- Given the injunction, a great deal of uncertainty surrounds the DOL’s Final Rule with additional court rulings expected in the coming months. A recent posting on the DOL’s website about the decision provides no clear answers.
- In the interim, the best approach for those employers operating in New York and New Jersey is offer FMLA benefits to employees in same-sex marriages who qualify for leave under the DOL's new definition of spouse.
- Continue to follow our blog and the DOL’s website www.dol.gov for further developments.
April 1, 2015
Same-Sex Couples Now Receive Equal Coverage Under The FMLA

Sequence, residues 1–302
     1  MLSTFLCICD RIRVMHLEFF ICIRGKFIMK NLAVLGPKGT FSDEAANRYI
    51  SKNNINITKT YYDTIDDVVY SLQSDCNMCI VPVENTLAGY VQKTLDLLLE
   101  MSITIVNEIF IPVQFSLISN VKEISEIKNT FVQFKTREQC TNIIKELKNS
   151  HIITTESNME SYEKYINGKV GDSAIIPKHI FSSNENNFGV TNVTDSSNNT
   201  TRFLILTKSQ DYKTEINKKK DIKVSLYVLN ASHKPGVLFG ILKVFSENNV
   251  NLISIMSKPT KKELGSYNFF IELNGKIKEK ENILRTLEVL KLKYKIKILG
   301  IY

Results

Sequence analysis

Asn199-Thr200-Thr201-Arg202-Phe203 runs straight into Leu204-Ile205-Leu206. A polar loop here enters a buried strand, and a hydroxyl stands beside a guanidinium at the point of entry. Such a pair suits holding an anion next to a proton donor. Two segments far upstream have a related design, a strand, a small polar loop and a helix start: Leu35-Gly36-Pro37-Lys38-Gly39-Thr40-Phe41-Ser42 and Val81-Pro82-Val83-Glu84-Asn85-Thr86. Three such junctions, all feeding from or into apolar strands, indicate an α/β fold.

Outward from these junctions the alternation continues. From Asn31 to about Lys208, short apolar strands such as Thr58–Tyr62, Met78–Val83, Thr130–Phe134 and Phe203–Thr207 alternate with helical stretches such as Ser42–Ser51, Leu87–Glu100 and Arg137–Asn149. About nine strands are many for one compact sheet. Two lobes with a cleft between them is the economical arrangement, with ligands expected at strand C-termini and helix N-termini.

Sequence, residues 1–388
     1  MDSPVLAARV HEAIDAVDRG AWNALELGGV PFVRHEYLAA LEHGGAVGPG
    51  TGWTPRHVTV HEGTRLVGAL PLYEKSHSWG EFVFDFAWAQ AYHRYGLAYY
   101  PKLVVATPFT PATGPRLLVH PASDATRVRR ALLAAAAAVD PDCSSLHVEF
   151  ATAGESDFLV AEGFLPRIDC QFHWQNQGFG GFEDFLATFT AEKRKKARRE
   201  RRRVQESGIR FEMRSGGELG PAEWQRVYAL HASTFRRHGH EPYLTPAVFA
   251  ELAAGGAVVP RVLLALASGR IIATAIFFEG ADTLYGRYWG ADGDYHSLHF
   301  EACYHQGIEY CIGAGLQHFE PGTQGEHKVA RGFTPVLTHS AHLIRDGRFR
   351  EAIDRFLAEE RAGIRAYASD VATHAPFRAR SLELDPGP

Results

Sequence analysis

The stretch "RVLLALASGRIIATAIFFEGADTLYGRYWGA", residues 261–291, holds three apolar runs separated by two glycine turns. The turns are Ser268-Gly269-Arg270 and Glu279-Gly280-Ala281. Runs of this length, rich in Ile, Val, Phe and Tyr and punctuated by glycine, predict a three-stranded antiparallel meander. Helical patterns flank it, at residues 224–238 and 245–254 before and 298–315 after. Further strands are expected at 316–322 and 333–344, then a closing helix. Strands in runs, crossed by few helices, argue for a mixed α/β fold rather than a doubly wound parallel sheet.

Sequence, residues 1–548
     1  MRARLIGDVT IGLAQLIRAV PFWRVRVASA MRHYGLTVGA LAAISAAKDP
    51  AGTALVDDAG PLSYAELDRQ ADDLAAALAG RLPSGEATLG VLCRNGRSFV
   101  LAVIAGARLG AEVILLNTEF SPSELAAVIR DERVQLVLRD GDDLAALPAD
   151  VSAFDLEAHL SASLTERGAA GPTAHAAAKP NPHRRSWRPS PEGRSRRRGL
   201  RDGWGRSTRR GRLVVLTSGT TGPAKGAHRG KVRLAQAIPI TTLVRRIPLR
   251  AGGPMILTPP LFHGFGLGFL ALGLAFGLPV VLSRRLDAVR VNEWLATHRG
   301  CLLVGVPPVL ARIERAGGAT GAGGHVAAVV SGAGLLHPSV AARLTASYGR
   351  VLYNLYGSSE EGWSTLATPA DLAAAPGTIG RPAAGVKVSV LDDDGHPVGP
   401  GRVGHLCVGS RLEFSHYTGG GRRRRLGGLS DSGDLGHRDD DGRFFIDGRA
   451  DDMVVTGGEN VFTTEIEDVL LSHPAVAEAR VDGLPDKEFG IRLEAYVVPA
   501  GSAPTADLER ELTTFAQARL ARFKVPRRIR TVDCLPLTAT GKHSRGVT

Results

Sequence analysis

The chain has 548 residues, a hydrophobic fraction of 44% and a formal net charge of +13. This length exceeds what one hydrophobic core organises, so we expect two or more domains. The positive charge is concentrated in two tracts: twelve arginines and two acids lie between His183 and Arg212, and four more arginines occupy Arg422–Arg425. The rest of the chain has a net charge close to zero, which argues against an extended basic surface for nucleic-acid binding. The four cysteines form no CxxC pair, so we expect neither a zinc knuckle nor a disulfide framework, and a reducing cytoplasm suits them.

On Friday, March 27, 2015, the Department of Labor (“DOL”)’s new regulation revising the definition of “spouse” to include those in same-sex marriages went into effect expanding the definition of spouse under the Family and Medical Leave Act of 1993 (“FMLA”). With the reversal of the Defense of Marriage Act (“DOMA”) by the U.S. Supreme Court in United States v. Windsor, President Obama instructed all federal agencies to determine if federal benefits programs should be expanded as a result. Consequently, on February 25, 2015, the DOL published a Final Rule (“Final Rule”) which amended the regulatory definition of spouse under the FMLA to include all individuals in legal marriages, regardless of where they live thus ensuring that the FMLA will give spouses in same-sex marriages the same ability as all spouses to fully exercise their FMLA rights. Prior to the New Rule, the DOL used the “state of residence” rule, which required the employer to look to its own state’s marriage laws to determine if an employee claiming FMLA leave actually had a “spouse”. Thus, same-sex couples who were married in a state where the union was legal, but resided in a state that does not recognize same, these individuals would not be considered spouses under the old standard. Under the new “place of celebration” standard, the definition of spouse is now a husband or wife as defined or recognized in the state where the individual was married (“place of celebration”), and specifically includes individuals in same-sex and common law marriages. The Final Rule also defines spouse to include a husband or wife in a marriage that was validly entered into outside of the United States if it could have been entered into in at least one state. Thirty-Seven (37) states currently recognize same‑sex marriage, while thirteen (13) states do not yet recognize the union. It is important to note that the new regulatory definition of spouse does not substantively alter the FMLA. For example, it does not change the eligibility requirements or an employee’s entitlement to take up to 12 workweeks of FMLA leave in a 12-month period, or what types of employers are covered by the FMLA. All requirements for eligibility, qualifying reasons for leave, employee and employer notification, and certification must be met. The revised definition also expands the right of both parents to utilize FMLA leave for the birth or adoption of their child. Under the previous language, these rights were limited to the “mother” and “father”, limiting this option to partners in a heterosexual marriage. As expected, not all states have agreed with this change. On March 26, 2015, the United States District Court for the Northern District of Texas, granted a request made by the states of Texas, Arkansas, Louisiana, and Nebraska for a preliminary injunction with respect to DOL’s Final Rule. The Texas Attorney General, Ken Paxton, who was joined by the Attorney Generals for Nebraska, Arkansas, and Louisiana, was able to show a likelihood of prevailing on his claim that a change in the federal law’s definition of spouse would force Texas employers to choose between breaking federal or state laws. U.S. District Judge Reed O’Connor ultimately agreed with the coalition of states in finding that the agency was exceeding its authority in changing the Final Rule. In his opinion, Judge O’Connor stated his belief that Congress “intended to preserve a state’s ability to define marriage in this way without being obligated under the laws of another jurisdiction which may define it differently.” Takeaway for Employers: